(This is an edited post from 2011. I was asked to share it again…)
So, I did a FaceBook experiment yesterday. I didn’t go on the site. Not once. All day. And this was trickier than it sounds. Here’s why:
I work for myself. I’m a painter, and I wrote a book a few years ago. I wouldn’t be able to do what I do, at least not so elegantly, if it were not for social networking. I have a fan page where folks can choose to follow me, or not, at FaceBook, which in turn forwards to Twitter. People I’ve met, or painted (I paint skin at various festivals around the country, too), or who collect my art, or who learn about me from friends of friends – all of them can come to the Marrus-clearing house to see what I’ve created lately. They jump on the page, or jump off when they’re ready.
I try my damnedest to interact with as many as I can. I’m grateful that folks care enough about my work to follow me.
But it’s a timesuck. I get caught up in multiple conversations about politics, or some new movie, or a young adult novel which doesn’t pull punches, or, or, or…and all these things detract from my own work. And, I’ve noticed something more frightening, more insidious than just that.
Social networking is changing the way the human brain operates, or at least, MY human brain. Maybe you have a similar experience.
I think this “always connected” life we lead, is breaking our heads. I dunno about you, but I can’t focus on a task for longer than fifteen minutes before I get twitchy. I sit down to write, to paint, and the happy hours where I’d just lose myself don’t happen as often. Now, I need the TV on, or music, or a chat window open, or to see if I’ve got email, or maybe somebody responded to my last blog post.
I don’t think this pigeon-head-bobbing attention span is healthy. I kid myself that it’s necessary, I’m running multiple businesses, I need to be connected, but the cyberworld does not need me constantly massaging it.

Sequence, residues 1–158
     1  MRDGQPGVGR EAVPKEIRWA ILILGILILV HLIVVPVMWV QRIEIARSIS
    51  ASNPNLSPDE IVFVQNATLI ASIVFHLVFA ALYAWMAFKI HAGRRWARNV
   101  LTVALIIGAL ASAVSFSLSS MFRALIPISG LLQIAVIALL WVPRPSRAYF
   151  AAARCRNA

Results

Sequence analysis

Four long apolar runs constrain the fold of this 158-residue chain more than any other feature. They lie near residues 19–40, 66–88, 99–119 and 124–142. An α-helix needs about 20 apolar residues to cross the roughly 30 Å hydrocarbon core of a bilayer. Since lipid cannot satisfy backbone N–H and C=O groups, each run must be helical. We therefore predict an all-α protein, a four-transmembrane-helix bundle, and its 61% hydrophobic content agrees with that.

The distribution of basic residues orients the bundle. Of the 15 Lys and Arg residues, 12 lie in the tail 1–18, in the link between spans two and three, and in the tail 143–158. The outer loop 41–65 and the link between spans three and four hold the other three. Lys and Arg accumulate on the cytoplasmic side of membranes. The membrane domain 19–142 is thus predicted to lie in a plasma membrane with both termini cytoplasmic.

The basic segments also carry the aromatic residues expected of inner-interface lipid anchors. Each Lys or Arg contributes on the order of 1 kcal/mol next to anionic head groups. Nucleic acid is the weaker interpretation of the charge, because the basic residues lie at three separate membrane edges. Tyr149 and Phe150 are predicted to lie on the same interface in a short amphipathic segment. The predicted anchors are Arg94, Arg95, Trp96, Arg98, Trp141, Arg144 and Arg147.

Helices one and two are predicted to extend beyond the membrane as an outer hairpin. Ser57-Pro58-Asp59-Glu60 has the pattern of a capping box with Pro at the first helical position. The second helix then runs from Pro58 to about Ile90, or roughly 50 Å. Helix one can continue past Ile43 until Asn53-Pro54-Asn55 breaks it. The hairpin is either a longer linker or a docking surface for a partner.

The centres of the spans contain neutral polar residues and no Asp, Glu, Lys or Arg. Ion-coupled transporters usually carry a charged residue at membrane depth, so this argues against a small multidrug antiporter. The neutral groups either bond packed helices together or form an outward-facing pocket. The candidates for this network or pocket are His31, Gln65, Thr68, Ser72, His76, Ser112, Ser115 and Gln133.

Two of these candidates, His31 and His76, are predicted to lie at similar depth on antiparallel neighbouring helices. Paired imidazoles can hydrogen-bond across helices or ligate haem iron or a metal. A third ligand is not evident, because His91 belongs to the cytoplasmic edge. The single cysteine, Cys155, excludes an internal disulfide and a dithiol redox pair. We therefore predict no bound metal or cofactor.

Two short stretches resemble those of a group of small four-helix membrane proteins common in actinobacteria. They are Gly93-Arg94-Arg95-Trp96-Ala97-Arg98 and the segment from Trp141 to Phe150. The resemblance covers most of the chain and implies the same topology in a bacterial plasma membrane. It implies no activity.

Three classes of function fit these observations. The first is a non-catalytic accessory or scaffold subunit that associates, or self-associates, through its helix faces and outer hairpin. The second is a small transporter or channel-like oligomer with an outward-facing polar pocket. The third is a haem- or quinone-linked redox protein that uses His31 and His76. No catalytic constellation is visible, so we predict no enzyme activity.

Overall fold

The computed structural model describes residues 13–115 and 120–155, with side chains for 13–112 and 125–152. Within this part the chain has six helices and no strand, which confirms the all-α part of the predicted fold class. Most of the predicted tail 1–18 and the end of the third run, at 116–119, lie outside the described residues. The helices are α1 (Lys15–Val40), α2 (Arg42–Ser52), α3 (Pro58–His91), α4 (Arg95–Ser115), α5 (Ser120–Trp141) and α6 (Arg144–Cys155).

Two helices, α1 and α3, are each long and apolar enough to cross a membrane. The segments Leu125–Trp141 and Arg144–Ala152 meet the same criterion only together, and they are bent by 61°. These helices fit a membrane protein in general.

It’s gratifying, tossing a thought to the void, seeing who picks up on it, seeing where it goes. I’ve recently learned about “legend maintenance”. In this age of short attention span theatre, we must constantly remind our audiences we’re still out here. Our hydras demand to be fed, but at what cost?
I propose a challenge. On June 30th, just for one day, let’s let go of FaceBook. Realize how often our fingers reach out for the mental stimulation comprised of someone else’s lunch, or sports gossip, or baby pictures, or cute kitty videos. Wonder, without the mind-numbing pabulum of scrolling through other peoples’ lives, how better our time might be spent on our own. The human capacity for willful distraction is immense – let’s reclaim our time, our lives, the relationships right in front of us.
Here’s how hard it was for me: I had a doctor’s appointment at 8:45 am. I rode the several miles on my bike, getting to the hospital at 8:40, only to be informed that I was 23 hours and 55 minutes late, but if I wanted to wait til 9:30, perhaps the person in that time slot might not show up.